05 February 2010
The agenda for the fourth DCC-RIN Research Data Management Forum, taking place in Manchester on 10th and 11th March 2010 with a theme of "Dealing with Sensitive Data: Managing Ethics, Security and Trust", is now online at
Event registration is also available through this page.
Speakers at the event include: Professor Iain Buchan, Professor of Public Health Informatics and Director of NIBHI, University of Manchester; Nicky Tarry, Research Data Transfer Security, Department for Work and Pensions; Kevin Ashley, Head of Digital Archives Development, University of London Computer Centre; Melanie Wright, UK Data Archive Secure Data Service; Veerle Van den Eynden, Research Data Management Support Services, UK Data Archive.
Please note that delegate numbers are strictly limited, so early registration is advised.
05 January 2010
The Digital Curation Centre (DCC) and Research Information Network (RIN) are pleased to announce the rescheduled fourth meeting of the Research Data Management Forum.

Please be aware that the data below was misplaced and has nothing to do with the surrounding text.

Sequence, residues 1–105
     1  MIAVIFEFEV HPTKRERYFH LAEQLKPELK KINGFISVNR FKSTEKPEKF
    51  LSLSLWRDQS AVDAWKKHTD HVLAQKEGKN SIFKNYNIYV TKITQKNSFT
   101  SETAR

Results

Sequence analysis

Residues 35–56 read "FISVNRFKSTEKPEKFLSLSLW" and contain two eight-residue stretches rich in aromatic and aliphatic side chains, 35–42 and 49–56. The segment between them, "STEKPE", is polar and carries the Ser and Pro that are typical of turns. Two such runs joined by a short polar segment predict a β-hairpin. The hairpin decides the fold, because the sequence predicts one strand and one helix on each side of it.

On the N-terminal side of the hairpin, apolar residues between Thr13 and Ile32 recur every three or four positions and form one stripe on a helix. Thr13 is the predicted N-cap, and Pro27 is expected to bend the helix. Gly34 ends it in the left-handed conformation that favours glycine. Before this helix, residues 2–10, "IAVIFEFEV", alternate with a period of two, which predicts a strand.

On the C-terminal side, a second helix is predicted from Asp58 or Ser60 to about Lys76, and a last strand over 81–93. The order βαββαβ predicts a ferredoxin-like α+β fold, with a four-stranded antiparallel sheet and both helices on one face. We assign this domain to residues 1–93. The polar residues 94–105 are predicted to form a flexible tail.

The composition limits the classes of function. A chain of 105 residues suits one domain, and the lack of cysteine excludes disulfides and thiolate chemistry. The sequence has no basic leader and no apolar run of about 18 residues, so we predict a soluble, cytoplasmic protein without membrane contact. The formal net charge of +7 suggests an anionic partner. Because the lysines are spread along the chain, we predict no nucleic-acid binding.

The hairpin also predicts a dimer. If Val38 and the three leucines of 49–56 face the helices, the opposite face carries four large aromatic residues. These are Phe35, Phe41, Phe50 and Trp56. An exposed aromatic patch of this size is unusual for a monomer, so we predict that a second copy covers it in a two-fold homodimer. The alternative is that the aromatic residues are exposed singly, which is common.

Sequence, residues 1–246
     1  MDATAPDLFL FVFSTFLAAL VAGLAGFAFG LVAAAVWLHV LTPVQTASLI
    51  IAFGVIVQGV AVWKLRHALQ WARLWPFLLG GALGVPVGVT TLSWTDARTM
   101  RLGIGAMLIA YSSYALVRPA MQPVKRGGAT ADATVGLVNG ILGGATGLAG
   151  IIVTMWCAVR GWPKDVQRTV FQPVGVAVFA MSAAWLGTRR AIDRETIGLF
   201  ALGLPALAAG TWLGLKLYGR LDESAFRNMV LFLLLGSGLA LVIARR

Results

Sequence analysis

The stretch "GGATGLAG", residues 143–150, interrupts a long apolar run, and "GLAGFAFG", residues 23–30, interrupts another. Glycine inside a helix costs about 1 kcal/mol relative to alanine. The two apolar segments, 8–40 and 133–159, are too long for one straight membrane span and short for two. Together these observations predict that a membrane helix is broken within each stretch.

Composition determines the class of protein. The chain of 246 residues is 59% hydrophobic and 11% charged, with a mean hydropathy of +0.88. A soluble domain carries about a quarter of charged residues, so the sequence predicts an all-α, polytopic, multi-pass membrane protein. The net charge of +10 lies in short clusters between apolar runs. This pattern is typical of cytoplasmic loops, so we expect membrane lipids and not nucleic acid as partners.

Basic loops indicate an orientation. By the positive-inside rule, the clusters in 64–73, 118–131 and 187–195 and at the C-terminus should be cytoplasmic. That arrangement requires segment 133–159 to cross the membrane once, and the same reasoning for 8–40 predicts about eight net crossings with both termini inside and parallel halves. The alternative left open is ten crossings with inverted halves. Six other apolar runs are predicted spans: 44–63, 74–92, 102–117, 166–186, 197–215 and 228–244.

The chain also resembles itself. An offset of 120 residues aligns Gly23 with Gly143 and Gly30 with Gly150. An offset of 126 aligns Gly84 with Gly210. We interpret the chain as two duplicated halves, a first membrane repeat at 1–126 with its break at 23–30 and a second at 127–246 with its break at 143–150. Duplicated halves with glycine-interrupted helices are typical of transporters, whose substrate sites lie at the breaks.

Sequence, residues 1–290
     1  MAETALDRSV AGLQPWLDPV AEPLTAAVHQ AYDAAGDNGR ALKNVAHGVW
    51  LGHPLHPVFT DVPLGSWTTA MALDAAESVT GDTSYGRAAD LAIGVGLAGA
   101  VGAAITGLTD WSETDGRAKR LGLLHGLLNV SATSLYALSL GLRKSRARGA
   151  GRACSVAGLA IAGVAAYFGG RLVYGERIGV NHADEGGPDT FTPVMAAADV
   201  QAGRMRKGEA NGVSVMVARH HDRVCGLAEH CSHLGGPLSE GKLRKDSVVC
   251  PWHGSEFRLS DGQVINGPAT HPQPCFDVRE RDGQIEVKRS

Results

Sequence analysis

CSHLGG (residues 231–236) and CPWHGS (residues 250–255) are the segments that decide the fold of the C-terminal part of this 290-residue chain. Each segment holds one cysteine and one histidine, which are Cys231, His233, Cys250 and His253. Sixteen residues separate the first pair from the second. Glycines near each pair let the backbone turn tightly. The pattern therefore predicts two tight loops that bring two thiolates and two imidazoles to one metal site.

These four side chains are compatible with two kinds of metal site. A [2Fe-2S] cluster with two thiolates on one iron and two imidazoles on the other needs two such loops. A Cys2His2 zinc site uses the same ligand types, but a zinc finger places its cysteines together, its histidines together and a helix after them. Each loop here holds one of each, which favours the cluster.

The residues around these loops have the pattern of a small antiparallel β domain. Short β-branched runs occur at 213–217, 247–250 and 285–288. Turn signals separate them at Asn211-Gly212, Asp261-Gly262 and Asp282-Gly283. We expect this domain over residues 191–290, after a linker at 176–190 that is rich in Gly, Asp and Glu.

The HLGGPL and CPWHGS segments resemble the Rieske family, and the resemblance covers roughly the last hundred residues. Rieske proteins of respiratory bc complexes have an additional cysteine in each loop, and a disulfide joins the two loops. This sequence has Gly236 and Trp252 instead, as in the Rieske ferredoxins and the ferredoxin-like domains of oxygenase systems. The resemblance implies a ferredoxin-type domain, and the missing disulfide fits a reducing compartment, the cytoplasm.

This event will have the theme "Dealing with Sensitive Data: managing ethics, security and trust", and will be held on 10th-11th March 2010, at Chancellors Hotel and Conference Centre, Manchester.
- Nicky Tarry, Research Data Transfer Security, Department for Work and Pensions
- Kevin Ashley, Head of Digital Archives Development, University of London Computer Centre
- Melanie Wright, UK Data Archive Secure Data Service
- Veerle Van den Eynden, Research Data Management Support Services, UK Data Archive
Registration for this event is now open, via http://www.dcc.ac.uk/events/data-forum-2010-march/